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Gas–$3, Book–$12, Networking–Priceless

Saturday, July 29, 2006

Over the past year or so, I have become a huge proponent of networking, especially after my experience last year with being in charge of overseeing the ACFW contests for unpublished and published authors and getting to know several key editors and agents in the CBA marketplace, several of whom told me to go ahead and submit my work to them whenever I was ready without even knowing what it was, just because we had worked together on the contests. (Have I done this yet? No, but that’s a different post!)

I’ve written on this blog before about the opportunity I took of networking with editors from Salem Publishing that led to my current freelance work. Because I was anxious to find a new job, I’d sent out by mail and e-mail resumes to all of the different publishing companies in town. The editor from Salem contacted me within an hour of receiving my e-mail and asked me to come in to talk to him even though he didn’t have any open positions at the time. I could have said no, I was only interested in full-time employment, but I saw it as a networking opportunity. Most publications are constantly on the lookout for people to do freelance work, whether writing or editing, so I knew I couldn’t pass it up. One thing led to another in that conversation, including my mentioning that I loved to listen to Southern Gospel music, which led to my very first publication in June (two CD reviews) and followed up with a cover story article in the August 2006 edition of Singing News magazine.

When perusing the information on the Alumni retreat that was going on the weekend that I graduated from Seton Hill, I recognized the name of a CBA agent who was going to be speaking to the alumni, Joyce Hart of the Hartline Agency. One day at lunch, when I happened to see her sitting alone at a table in the cafeteria, I took the chance of stopping to speak to her. She recognized me and asked me about what I was working on, and we had a pleasant chat for about two or three minutes. She didn’t ask me to submit and I didn’t “pitch” to her, but it was a chance to get my name/face in front of her once again (especially important since I’m only going to the book signing and awards banquet at this year’s ACFW National Conference, so won’t really get a chance to see too many editors/agents to network with).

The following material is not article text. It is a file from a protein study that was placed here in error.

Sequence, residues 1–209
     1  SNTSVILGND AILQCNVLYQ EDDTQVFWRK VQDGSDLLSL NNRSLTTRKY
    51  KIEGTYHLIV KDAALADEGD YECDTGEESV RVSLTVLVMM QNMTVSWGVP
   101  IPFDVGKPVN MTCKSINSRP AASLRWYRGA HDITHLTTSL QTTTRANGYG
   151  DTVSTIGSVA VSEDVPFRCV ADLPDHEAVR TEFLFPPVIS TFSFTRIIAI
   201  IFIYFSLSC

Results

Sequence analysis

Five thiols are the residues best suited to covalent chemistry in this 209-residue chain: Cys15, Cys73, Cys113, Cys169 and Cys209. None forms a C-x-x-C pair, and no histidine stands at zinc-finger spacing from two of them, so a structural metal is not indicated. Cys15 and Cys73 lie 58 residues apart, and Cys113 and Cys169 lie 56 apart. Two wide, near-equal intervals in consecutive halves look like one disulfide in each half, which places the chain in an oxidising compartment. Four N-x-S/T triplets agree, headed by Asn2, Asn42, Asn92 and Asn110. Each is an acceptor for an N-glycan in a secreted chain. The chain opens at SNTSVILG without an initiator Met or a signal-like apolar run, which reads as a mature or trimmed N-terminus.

Today, I had another opportunity for networking thrown my way. I went down to Barnes & Noble to see if they had any copies of the magazine that I could pick up and there, just inside the front door, was a former coworker, Pat Embry, signing his new book Where The Locals Eat: Nashville. Although our conversation centered around what we’d each been doing since leaving The Tennessean, it was also a great connection for me with someone else in the publishing industry. The only bad part of it is that I had no business cards with me! (I’ve got to get a little card carrier and start taking those with me everywhere.)

How do you network? How do you find/take advantage of those opportunities? What’s your best or—gasp!—worst networking experience?

  1. CHickey permalink
    Saturday, July 29, 2006 7:18 pm

    I’m just learning how to network. I’ve got to get more comfortable talking about myself


  2. Kathy Harris permalink
    Saturday, July 29, 2006 9:09 pm

    Kaye, I agree. Networking is invaluable in every business. Ideally, it’s just another term for “friends!”


  3. Carol Collett permalink
    Sunday, July 30, 2006 6:31 pm

    I’m so unsure of myself it makes networking very challenging. I’m trying to learn ways to come out of my shell a little.



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